Improvements Come in Three Flavors: Betterments, Restorations and Adaptations. The basic rule is simple to state: If what you do betters, restores or adapts a unit of property to another use, then you have made an improvement. There are three categories of expenses that are considered to be improvements:

  • Betterments. A betterment changes the existing condition of the unit of property for the better. An expenses is a betterment if it does one or more of the following:
    • Cures a material condition or defect in the unit of property. (Installing a backflow prevention system would be a betterment. Installing new water taps would not.)
    • Enlarges or expands the unit of property.
    • Materially increases its capacity, productivity, output, efficiency, strength, or quality. (Replacing damaged panels in a drop-down acoustical ceiling in not a betterment. Replacing the girders to enable the floor above to support 50 percent more weight is a betterment.)
  • Restorations. A restoration brings the condition of property back to what is once was. Specifically, a restoration:
    • Replaces a major component or a substantial structural part of a unit of property. (A load-bearing wall is a substantial structural part of a building, but a drop-down acoustical ceiling is not.)
    • Returns to its ordinary operating condition, property that is in despair and is no longer functional (Shoring up the wall of badly deteriorated building is returning it to its original condition.)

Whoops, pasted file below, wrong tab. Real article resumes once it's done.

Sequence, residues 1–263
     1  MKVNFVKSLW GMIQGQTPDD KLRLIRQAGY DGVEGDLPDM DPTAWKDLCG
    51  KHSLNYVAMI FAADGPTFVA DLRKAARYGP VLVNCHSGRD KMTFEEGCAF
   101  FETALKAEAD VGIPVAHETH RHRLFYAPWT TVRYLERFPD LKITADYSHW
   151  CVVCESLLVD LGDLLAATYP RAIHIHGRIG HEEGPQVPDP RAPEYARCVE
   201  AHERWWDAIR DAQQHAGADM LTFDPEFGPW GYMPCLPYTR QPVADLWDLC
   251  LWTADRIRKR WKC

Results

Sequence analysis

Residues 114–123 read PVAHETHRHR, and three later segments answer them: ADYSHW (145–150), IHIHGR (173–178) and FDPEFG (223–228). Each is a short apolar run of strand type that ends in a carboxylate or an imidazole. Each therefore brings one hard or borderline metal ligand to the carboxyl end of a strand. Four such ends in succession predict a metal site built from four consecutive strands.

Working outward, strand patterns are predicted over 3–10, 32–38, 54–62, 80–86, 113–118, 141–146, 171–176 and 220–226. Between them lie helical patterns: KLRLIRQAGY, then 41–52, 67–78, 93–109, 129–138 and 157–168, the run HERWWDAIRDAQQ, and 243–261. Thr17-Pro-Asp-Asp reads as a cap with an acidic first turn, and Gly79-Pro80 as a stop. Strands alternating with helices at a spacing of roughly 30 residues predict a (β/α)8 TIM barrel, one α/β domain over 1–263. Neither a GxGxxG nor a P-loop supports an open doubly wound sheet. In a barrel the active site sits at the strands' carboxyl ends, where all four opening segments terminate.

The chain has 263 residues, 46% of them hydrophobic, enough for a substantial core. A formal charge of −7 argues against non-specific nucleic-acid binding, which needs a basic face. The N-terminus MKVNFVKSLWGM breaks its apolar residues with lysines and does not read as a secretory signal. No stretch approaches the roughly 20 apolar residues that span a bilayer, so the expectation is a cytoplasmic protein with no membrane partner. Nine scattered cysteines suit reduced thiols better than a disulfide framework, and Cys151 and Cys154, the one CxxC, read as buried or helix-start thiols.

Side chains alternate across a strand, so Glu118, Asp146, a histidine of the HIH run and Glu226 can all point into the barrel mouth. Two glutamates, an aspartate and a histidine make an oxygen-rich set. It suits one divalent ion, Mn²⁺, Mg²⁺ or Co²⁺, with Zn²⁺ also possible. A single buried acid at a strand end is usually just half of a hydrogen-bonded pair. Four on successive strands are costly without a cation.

• Rebuilds a fully depreciated unit of property to a like-new condition.
    • Replaces a component of the property if you had either sold the component or deducted a loss (other than a casualty loss) for that component.
  • Adaptations. An adaptation converts an existing unit of property to a new or different use.

Whether an expense betters/improves, or simply repairs/maintains, the unit of property turns on all the facts and circumstances surrounding the expense. Factors taken into consideration include:

  • The purpose of the expenditure;
  • The physical nature of the work performed;
  • The effect of the expenditure on the unit of property; and
  • The treatment of the expenditure on the taxpayer's applicable financial statement.

What Is a Unit of Property—and Why Should You Care?

IRS regulations require that you evaluate whether an expense is a repair or improvement with respect to a specific unit of property-which may not conform to the commonsense view of a unit of property. A unit of property is considered to be composed of all the functionally interdependent components necessary for the property to function. (Special rules, discussed below, apply to buildings, plant property and network assets.)